Learning to market myself professionally seemed so foreign.  My first seminar was Linked In for your Job Search. They spoke about the changes in company hiring strategies.  I had no idea that networking and social media played such a large role in recruiting. I always knew these were factors and a ways to verify professionalism and character but I didn’t realize how many companies actually recruit using mostly LinkedIn. The facilitator spoke of selling a professional image with the use of a professional profile picture. This made sense to me as a professional photographer, but what about everyone else? Most of the attendees had never considered using a professional portrait on their new or recently polished LinkedIn accounts. They just used a cropped portion of a picture they had on their smartphone or computer or worse yet, a selfie! Why not? Are people really paying attention to the quality of the image? Isn’t it just to have on their profile so they could be recognized by friends, peers or former colleagues? It turns out that organizations really do value the dedication and attention to detail that a proper professional headshot conveys no matter the industry.

Photographs by O-Town Photography

For me, these sessions spiraled into a whirlwind of changes I needed to make to polish my professional ‘look’. I started by changing my company logo and continued by changing my website, business cards, and marketing material. Everything needed to match the new professional image I had in mind.  I still have a lot of work to do to complete that image, specifically in regards to social media presence but it is well on its way.

I realized the value of a Professional Headshot from a customer perspective shortly after my LinkedIn seminar when a client requested a business headshot session because she was “hot on a lead for a new job and in need of a professional image to seal the deal”. During her session, she mentioned that she had also learned the importance of Networking in her job search in the Event Planning field and how she should have done this (have a professional portrait) sooner. She felt that it would have helped people remember who she was and that they had in fact met or worked with her in the past. I’d like to think I played a role in her success when she announced two weeks later that she had landed her dream job.  Maybe the professional photo had nothing to do with it, but, maybe it did! Either way, her professional, approachable smiley new photograph will continue to help her sell her professional image.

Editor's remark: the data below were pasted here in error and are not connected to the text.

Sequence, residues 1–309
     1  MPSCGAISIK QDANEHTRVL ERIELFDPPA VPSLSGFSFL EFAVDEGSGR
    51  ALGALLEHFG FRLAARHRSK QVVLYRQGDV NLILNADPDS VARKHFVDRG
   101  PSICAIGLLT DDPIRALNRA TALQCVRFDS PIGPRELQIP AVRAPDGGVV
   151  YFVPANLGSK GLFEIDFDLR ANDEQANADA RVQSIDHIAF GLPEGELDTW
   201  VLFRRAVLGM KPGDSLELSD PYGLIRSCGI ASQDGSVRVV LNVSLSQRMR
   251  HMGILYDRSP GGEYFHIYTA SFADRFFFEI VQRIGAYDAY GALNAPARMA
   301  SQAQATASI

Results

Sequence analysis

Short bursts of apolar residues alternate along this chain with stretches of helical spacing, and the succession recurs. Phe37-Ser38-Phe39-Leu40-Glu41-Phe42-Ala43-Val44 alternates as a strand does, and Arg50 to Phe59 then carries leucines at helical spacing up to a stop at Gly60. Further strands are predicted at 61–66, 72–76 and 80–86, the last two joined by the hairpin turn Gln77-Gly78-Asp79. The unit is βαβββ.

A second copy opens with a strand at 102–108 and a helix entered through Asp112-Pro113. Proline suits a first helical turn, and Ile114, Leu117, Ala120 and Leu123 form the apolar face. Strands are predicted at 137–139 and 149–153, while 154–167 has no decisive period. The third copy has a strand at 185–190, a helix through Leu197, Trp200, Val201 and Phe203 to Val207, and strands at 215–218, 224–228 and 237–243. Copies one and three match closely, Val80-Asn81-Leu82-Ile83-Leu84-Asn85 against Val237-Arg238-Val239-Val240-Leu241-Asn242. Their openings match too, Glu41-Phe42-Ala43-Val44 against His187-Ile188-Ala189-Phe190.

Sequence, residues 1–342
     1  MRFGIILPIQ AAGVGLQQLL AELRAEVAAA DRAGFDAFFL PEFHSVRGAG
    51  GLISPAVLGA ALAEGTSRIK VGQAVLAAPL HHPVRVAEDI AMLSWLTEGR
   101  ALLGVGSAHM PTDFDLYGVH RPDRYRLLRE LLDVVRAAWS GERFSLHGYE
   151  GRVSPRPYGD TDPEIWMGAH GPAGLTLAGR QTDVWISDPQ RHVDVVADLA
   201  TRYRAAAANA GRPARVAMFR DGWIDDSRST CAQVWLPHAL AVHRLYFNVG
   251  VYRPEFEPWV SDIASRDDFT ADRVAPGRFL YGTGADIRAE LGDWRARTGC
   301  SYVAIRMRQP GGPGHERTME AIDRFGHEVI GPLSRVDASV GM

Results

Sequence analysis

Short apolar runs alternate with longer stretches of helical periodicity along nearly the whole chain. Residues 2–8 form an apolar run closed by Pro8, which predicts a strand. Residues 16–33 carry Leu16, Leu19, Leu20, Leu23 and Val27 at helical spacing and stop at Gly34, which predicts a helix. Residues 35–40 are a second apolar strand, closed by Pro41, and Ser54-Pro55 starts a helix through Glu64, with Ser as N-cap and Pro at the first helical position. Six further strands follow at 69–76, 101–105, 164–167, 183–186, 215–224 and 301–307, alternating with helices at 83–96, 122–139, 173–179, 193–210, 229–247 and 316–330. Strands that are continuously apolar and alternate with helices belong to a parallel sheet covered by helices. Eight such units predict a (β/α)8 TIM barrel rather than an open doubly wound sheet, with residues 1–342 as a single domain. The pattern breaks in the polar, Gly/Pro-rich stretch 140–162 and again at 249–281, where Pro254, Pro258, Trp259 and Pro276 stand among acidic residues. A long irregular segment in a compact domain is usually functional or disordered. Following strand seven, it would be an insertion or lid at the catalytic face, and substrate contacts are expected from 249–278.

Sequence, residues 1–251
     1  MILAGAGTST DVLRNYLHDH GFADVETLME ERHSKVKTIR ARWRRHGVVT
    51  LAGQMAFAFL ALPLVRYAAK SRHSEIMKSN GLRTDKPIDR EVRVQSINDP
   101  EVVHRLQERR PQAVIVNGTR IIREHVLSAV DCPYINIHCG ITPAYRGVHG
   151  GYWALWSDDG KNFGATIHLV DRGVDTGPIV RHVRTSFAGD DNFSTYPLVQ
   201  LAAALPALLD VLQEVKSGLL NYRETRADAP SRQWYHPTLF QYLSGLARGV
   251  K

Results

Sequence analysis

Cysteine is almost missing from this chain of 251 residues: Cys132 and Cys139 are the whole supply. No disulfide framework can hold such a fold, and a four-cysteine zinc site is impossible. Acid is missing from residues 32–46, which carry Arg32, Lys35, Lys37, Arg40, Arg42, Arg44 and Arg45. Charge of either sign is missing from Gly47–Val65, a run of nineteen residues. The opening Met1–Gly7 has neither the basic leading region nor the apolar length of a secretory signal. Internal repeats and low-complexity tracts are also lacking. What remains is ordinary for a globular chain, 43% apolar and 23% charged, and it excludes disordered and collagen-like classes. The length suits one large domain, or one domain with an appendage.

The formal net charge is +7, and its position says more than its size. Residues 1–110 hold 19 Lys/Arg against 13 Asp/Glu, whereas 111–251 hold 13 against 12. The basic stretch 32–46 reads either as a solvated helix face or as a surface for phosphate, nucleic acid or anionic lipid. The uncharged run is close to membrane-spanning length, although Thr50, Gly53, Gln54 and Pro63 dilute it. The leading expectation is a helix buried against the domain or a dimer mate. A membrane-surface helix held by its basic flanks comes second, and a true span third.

Photograph by O-Town Photography

I believe a professional business portrait is a necessary investment for anyone searching for a new career or for business professionals to convey a message of commitment and pride. The cost of a professional business portrait session varies mostly based on the photographer’s experience and offerings.   I want to help others sell their professional image. For this reason, I have dedicated a full page on my  O-Town Photography website to Corporate and Profile Headshots.

If you do not already have a Professional Headshot or portrait you should consider getting one. Get ideas by reviewing ones from people in your industry and find a photographer that you think could achieve that look. Many photographers like myself have the ability to do more than what is displayed on their websites so don’t be afraid to ask for something specific.

I too need to refresh my business headshot.  My self-portrait no longer portrays the image I am looking for. I have arranged to trade sessions with an associated photographer to help me achieve the look I want. I know this is an important step in my professional social presence across all social media platforms and I believe it should be part of yours too!


Photographs by O-Town Photography

Why Family Portraits Are Your Most Valuable Pieces of Artwork

Family Portraits create a visual memory of the evolution of a family. Taking the time to get together for family portraits is one of the most rewarding things a family can do together. Not only does it mean having fun together, but you are also taking the time to create lasting memories to display with pride.

IMG_6742 best 8x12

Being a Professional photographer with O-Town Photography, I see how family portraits bring joy to customers when they receive their final products.  Family portraiture is an excellent way to document family life from year to year. I have photographed some families yearly for over 10 years and it is still exciting to see what we create together each year. A Family photo represents not only a specific time and location, but also a place in the family timeline.  From the addition of new family members, to gap toothed smiles, to awkward fashions and special occasions, the value of the precious memories only increase in value over time.

In the unfortunate loss of a family member, we naturally cling to a portrait as a memory of our loved one. Having recent portraits allows us to go back to a time where we shared that special moment together. There is no greater gift that for a grandchild to see photographs of a grandparent they never met or a loved one they lost at a young age. Family photos that are kept for generations are a gift to current members of the family and an asset to future generations.

With modern technology, it seems everyone has a camera with them006 8x8 at all times. The danger with this is that they can falsely replace the need to have portraits done.  I am not inferring that everyone should have professional family portraits taken yearly, but consider that if mom is the dedicated photographer, the family loses out with her absence in the photos.  The other risk is that smartphone captured images rarely make it to print and don’t get proudly displayed like professional portraits would.

In today’s hectic world, it is difficult to find the time to get together for portraits. However, keep in mind that no amount of money can allow you to go back in time and re-capture your families’ evolution, making family portraits your most valuable artwork.